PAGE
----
Can you believe it's that time of year again. Cherry trees are nearing their peak here on the East Coast. Their blooms  are just amazing. Though cherry blossoms are especially meaningful for the people of Japan, here in the US  they are simply admired for their unparalleled beauty. If you haven't already, you should consider  a trip to Washington  to experience cherry trees in full bloom. They are quite something to behold and will definitely inspire your creativity.
  For this next project I found inspiration in an interior design catalog.  It featured beautifully detailed hand painted champagne glasses in a variety of spring flowers. Although the flutes were indeed gorgeous they were just a little too fancy for my taste. I thought why not simplify it. Well this next tutorial just can't get any simpler. All you need to hand paint these glasses is a a pencil eraser and the actually paint bottle itself...

*see below for complete product details.

To prep the glass simply wipe rubbing alcohol on with a lint free towel. This helps the paint to adhere by removing oils or residue. 

The great thing about Martha Stewart Glass Paint is that it comes in a fine tip applicator bottle. I literally used this bottle to draw directly on the glass. When drawing the cherry tree branches you want to try a zig-zag or sideways "y" shape. The trick to cherry tree branches is to draw a few sparse branches in a deep brown color.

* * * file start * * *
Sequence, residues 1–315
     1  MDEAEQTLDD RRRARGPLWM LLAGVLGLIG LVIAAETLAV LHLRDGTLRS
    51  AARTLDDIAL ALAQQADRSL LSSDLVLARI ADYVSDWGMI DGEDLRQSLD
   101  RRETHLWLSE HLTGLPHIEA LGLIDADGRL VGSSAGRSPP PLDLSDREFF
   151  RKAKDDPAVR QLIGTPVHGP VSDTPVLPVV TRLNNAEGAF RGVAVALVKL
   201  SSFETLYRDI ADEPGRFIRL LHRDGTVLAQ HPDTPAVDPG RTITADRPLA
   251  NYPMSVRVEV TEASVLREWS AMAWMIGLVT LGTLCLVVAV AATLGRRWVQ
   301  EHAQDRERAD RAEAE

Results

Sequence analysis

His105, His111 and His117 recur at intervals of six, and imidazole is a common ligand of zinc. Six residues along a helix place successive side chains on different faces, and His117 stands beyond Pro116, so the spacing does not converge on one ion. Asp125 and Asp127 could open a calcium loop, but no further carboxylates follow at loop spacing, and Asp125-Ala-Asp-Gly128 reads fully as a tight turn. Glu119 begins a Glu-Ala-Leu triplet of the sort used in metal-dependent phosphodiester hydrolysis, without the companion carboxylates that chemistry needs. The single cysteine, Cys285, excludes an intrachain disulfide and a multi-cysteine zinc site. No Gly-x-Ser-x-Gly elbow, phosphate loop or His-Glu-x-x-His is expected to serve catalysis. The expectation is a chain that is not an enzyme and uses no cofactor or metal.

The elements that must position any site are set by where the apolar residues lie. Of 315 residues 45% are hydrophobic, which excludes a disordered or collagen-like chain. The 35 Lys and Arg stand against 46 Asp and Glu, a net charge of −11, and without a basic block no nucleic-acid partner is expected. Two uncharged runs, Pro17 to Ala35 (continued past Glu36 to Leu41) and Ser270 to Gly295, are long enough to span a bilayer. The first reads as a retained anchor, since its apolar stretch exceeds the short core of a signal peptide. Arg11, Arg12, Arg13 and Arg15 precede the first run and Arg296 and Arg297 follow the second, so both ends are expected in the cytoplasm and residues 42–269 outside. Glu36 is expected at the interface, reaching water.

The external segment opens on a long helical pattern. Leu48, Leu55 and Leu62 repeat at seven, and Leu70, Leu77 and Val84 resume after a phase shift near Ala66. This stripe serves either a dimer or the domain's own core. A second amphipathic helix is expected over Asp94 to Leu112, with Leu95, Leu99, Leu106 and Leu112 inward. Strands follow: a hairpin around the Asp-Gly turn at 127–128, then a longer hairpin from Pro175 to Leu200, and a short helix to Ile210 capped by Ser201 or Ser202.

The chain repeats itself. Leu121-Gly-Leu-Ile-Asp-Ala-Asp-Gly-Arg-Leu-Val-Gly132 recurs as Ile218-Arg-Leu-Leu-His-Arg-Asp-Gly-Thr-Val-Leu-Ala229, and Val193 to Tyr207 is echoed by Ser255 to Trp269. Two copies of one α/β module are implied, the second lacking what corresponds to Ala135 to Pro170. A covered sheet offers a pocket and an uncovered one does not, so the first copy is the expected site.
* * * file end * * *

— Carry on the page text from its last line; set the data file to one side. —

For this next step, drawing the flowers, you only need a pencil. Using the eraser as your "brush" is not only easy but give you a nice petal shape. When drawing cherry blossoms you want to think in fives. There are five petals that make up the flower. You also want to keep the blossoms in bunches along the branch. It's almost like you swung the branches in a big bowl of cotton candy. Make sure you don't overdo it with the blossoms. You definitely want to see lots of branches.

 For the color I used a light pink. You can pick any shade you like from a deep coral(orange/pink) to an almost off white pink. Make sure when painting you keep the paint at least 0.8" or 2cm away from the rim of the glass.
After  you're finished you're going to want to cure the paint on the glass. This will ensure its durability. Follow these curing instructions after letting the paint dry about an hour.

I've had many requests about the cherry tree branches I used as the props. To make the branches your going to want to use the Hydrangea Punch. Punching through tissue paper can be tricky. You want to fold it a few times to make it easier to punch through. 

After you have a pile of punched out tissue paper flowers you're ready to make the blossoming branches. All you need to do is dab any all purpose glue on the ends of the branches and then dip them in the pile of tissue flowers. Be careful not to over do it. You want clumps of blossoms in several spots on the branch. Let the branches sit until dry.

After everything is dry and cured 
you're ready to display you new works of art. 
The branches look great by themselves in a simple clear or white vase. 
The glasses can be use for decorative purposes or  for everyday use as they are dishwasher safe.

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Martha Stewart Crafts Glass Paint in Vanilla Bean, $3.50, Michaels.com, Martha Stewart Crafts Craft Paint in Poodle Skirt High Gloss, $2, Plaidonline.com, Stemless Wine Glass, $1, DollarTree.com, Martha Stewart Crafts 3-in-1 Hydrangea Punch, $11, EKsuccess.com or Michaels. Sign up to Michael's text or email to receive 40% off coupons you can use on all of these products.